Film Review – The Cloverfield Paradox (2018)
Netflix sent a shockwave through the film industry upon releasing a commercial during the Super Bowl that it had ownership of the next Cloverfield anthology film. To up the ante even further, they announced that the film, entitled The Cloverfield Paradox, would be available to stream immediately following the game, effectively gluing millions of people to their couches for almost two more hours. The following review will be spoiler free.
Directed By: Julius Onah
Written By: Oren Uziel and Doug Jung
In the near future, scientists aboard a space station are attempting to aid the Earth’s energy crisis. Energy is depleting at an alarming rate, leading scientists to turn to a new source.
After many failed attempts, the scientists are delighted to see that the energy source is operational. But, the station and the crew inside of it notice some serious side effects as the energy source causes them to collide with another dimension and interweave with certain elements in it. As motives and dangerous circumstances come to light, the crew members, led by Hamilton (Mbatha-Raw), must figure out a way to get home to their dimension and save their version of Earth.
Rumors began to swirl at Sundance that Paramount had sold the rights to God Particle to Netflix and that the film would release in approximately two months. Clearly, no one knew the extent of that news story and the Shyamalan-esque twist that would come to light.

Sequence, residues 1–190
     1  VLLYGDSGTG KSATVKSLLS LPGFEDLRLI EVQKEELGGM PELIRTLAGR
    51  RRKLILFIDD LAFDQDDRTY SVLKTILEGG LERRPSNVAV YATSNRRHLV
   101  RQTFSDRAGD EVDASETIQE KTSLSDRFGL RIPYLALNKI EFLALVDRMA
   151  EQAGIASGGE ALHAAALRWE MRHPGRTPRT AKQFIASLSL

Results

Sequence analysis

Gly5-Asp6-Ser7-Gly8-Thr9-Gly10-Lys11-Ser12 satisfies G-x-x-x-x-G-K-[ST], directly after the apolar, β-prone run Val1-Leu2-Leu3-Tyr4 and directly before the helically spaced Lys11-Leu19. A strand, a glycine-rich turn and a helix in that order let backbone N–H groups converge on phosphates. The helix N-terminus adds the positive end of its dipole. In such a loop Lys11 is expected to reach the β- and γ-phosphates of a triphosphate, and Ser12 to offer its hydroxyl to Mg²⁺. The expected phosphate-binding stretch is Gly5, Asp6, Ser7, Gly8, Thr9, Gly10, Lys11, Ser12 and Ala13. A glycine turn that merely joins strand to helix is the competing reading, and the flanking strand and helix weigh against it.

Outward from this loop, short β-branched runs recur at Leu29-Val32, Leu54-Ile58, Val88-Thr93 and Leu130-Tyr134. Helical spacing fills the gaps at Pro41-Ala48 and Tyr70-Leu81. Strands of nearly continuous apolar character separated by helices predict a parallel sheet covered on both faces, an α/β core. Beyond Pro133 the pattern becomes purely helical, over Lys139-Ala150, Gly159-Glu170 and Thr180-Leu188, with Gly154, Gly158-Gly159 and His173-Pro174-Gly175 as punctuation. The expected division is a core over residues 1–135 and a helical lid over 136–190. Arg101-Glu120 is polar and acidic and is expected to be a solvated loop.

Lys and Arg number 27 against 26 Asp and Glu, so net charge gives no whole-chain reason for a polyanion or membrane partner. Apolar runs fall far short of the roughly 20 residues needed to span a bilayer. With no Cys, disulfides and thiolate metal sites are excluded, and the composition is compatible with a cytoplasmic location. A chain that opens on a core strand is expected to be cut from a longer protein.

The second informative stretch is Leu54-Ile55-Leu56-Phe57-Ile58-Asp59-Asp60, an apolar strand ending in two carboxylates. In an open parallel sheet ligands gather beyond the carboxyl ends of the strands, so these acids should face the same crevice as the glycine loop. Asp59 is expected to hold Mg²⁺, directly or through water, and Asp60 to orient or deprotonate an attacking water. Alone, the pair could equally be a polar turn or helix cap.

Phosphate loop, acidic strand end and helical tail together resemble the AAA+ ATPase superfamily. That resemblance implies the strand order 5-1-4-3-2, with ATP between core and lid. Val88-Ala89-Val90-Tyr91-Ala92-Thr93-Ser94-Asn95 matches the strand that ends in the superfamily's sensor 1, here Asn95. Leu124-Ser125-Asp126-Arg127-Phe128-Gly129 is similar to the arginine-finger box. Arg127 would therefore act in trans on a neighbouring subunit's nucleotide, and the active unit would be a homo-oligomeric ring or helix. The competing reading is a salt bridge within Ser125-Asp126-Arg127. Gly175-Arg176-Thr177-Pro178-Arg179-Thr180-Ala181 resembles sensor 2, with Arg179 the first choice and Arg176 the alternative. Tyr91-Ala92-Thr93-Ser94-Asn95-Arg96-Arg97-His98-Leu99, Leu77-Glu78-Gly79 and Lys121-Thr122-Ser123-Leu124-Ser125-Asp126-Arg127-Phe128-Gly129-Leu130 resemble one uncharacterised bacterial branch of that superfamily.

In the middle of one of the best Super Bowls in recent memory, Netflix shocked everyone when it released the first footage for God Particle, now titled The Cloverfield Paradox. Such a reveal is in line with the rest of the Cloverfield films as there has been a shroud of mystery over the production of the original 2008 film and 10 Cloverfield Lane.
However, this release speaks to a new horizon for film in which Netflix has a clear advantage. The ability to drop films on consumers during a slow weekend at the movies only strengthens the movement towards streaming. Netflix can be completely flexible and use clever marketing techniques unlike major studios.
Moreover, since The Cloverfield Paradox was initially a Paramount film, we might be seeing the start of another trend where studios sell movies to Netflix in hopes of turning a better financial gain than a standard theatrical release. Netflix was already muddying the waters in the film industry, and it just tapped into another source of content (and possible more subscribers as a result).
A Strong First Act Makes The Cloverfield Paradox Fascinating from the Start
The Cloverfield Paradox borders on a breakneck pace from the start, throwing you into the middle of a highly scientific pursuit while expecting you to keep up. After the credits finish rolling, our characters are thrown into a physics problem that we can only begin to comprehend.
As the pace continues, The Cloverfield Paradox layers question upon question, creating a mysterious and tense atmosphere that is in line with the previous two Cloverfield films. Realities start to bend, twisting space-time in a way that is also a clever twist on the usual formula. As body horror and time begin to become more and more vicious, there’s a palpable amount of panic in the eyes of this wonderfully assembled cast. If you’re anything like me, you’ll inch closer to the television with every alteration. An eerie score from Bear McCreary adds to this sense of dread as the artist formally known as God Particle begins with a serious bang.